Old Navy will pay employees to work at election polls in November
[Sept. 2, 2020: CAITLIN O'KANE]
Old Navy has announced it will pay its employees to work at the polls in November's presidential election.
The company said on Tuesday it has partnered with Power the Polls, which describes itself as "a first-of-its-kind initiative to recruit poll workers to ensure a safe, fair election for all voters."
Old Navy said it will offer its 50,000 employees paid time off to serve as poll workers on Election Day.
The brand, whose parent company is Gap Inc., is also offering employees up to three paid hours off to vote. "Because it's so important that we all can vote (and that we all do vote!)," Old Navy wrote on Facebook.
The company noted that poll worker shortages are expected this year. Poll workers typically skew older, which means many of those who usually work at polling sites on Election Day are at higher risk during the coronavirus pandemic and may avoid in-person voting this November.
A shortage of poll workers already impacted primary elections in some states, contributing to hours-long waits at the polls.
"Power the Polls will be a part of the solution by addressing the need for low-risk and diverse poll workers who can staff in-person voting locations during early voting and on Election Day," the organization says on its site.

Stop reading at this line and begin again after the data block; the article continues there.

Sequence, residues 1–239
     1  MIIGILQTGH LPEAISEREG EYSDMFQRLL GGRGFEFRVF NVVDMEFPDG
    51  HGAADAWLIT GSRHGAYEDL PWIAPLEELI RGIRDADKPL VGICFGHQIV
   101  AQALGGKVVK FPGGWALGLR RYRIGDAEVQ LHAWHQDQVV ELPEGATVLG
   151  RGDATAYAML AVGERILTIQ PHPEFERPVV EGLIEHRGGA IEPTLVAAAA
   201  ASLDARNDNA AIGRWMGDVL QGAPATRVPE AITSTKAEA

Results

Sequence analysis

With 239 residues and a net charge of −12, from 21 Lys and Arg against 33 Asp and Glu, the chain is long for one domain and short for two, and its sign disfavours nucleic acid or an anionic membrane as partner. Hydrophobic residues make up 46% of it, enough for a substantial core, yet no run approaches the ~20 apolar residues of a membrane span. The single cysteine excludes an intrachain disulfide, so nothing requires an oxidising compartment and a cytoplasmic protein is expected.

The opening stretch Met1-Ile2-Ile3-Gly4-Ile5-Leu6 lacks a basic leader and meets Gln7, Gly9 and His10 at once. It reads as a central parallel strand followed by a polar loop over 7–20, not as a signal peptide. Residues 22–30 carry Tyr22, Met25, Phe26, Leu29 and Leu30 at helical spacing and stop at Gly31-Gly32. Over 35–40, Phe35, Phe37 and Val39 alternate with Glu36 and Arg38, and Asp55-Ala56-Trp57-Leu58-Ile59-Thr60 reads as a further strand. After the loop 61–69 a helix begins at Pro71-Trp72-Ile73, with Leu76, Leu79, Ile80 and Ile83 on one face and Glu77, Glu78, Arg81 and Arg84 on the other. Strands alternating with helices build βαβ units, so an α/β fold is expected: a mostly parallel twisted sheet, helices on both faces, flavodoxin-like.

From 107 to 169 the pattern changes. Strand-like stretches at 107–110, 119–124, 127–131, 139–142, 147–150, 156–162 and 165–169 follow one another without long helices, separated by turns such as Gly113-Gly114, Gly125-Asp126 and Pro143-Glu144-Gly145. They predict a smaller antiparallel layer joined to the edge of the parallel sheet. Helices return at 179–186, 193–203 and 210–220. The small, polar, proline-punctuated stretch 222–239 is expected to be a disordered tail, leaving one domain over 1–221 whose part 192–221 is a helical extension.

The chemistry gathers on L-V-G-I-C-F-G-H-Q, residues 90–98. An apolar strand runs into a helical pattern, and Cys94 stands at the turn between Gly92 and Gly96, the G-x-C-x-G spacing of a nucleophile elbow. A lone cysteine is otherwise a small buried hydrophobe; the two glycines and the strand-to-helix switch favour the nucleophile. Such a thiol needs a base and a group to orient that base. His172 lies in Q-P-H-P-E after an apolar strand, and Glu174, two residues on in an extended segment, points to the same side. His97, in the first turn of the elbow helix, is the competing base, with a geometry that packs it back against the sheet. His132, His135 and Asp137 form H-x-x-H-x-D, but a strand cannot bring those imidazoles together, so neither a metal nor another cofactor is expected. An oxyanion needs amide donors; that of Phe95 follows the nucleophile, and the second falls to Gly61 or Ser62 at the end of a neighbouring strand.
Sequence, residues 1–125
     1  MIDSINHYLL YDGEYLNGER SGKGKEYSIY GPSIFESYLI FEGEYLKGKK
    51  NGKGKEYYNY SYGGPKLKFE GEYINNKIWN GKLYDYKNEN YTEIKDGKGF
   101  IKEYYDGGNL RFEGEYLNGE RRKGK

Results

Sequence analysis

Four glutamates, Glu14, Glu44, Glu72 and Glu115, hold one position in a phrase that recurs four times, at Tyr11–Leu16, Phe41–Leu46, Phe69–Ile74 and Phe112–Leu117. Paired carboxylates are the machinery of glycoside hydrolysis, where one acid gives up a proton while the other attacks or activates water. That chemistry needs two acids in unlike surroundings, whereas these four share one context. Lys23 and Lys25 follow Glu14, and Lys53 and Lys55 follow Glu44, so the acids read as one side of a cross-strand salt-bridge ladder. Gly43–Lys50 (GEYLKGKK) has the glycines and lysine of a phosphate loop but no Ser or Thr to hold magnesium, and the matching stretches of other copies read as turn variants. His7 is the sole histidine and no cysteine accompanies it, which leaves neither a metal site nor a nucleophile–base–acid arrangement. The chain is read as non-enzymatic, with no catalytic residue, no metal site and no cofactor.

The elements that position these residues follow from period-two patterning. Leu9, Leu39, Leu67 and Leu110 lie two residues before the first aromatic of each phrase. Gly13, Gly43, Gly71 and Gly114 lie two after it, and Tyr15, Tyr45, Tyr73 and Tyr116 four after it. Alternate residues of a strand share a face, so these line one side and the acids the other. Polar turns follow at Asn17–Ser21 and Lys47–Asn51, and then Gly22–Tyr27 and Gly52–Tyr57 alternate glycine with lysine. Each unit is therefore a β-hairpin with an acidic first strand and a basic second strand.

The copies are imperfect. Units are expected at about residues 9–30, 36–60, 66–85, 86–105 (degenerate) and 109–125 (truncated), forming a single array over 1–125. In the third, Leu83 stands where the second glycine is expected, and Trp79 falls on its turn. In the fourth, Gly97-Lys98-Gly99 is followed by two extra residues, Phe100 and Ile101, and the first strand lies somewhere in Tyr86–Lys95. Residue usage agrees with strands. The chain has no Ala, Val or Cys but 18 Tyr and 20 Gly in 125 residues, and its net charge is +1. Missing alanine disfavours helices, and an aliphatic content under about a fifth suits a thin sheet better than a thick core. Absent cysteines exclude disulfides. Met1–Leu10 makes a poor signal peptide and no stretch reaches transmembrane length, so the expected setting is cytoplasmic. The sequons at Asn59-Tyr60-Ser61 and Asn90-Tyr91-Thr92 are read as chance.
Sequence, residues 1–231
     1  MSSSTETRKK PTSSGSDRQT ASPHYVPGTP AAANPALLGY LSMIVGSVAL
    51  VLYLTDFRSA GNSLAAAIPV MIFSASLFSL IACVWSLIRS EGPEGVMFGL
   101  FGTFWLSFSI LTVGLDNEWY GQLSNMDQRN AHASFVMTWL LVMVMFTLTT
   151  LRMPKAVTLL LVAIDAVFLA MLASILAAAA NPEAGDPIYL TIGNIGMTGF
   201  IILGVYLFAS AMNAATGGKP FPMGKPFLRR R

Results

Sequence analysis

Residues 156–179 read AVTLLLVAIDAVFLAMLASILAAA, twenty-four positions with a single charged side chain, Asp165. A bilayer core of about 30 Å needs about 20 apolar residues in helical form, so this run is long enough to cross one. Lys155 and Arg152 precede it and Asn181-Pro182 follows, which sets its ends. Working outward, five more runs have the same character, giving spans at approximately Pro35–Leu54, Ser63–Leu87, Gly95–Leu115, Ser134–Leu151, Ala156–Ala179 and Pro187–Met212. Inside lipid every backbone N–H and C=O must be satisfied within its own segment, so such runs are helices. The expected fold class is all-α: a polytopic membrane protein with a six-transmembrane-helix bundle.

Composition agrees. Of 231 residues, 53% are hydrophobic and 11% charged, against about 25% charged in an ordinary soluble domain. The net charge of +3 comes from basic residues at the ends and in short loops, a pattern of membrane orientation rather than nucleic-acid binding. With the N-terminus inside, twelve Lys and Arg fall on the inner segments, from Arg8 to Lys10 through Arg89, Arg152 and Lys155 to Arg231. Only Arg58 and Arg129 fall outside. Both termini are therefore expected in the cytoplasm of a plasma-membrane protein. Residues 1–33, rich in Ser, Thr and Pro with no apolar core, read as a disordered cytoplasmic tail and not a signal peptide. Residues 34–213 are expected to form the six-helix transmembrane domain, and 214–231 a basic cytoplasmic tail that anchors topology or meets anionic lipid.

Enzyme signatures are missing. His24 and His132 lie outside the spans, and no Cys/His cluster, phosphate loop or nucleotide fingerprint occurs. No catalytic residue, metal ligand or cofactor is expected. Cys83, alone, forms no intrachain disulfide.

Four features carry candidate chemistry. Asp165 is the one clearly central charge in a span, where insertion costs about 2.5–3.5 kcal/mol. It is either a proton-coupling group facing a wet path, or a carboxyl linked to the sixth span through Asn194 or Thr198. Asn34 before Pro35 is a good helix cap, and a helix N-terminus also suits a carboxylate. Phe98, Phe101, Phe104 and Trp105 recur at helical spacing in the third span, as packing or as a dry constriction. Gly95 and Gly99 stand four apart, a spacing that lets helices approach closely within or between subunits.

Power the Polls says it aims to have 250,000 Americans sign up and that it is focusing on "healthy, low-risk candidates to ensure that those workers most susceptible to the coronavirus are given the space to take care of their health."
Poll workers will be provided with PPE and training and they will be paid, according to Power the Polls.
ViacomCBS is listed as one of the founding partners of the organization. Other partners include Warby Parker, PayPal, Twitter and many others.
Power the Polls is not the only organization focused on recruiting poll workers. More Than a Vote, a voting rights organization led by LeBron James and other sports athletes, is launching a national campaign to recruit poll workers. Fueled by the deaths of Breonna Taylor and George Floyd at the hands of police, the organization has worked to fight systemic, racist voter suppression.
This Brighter Side of News post courtesy of CBS News at www.cbsnews.com.
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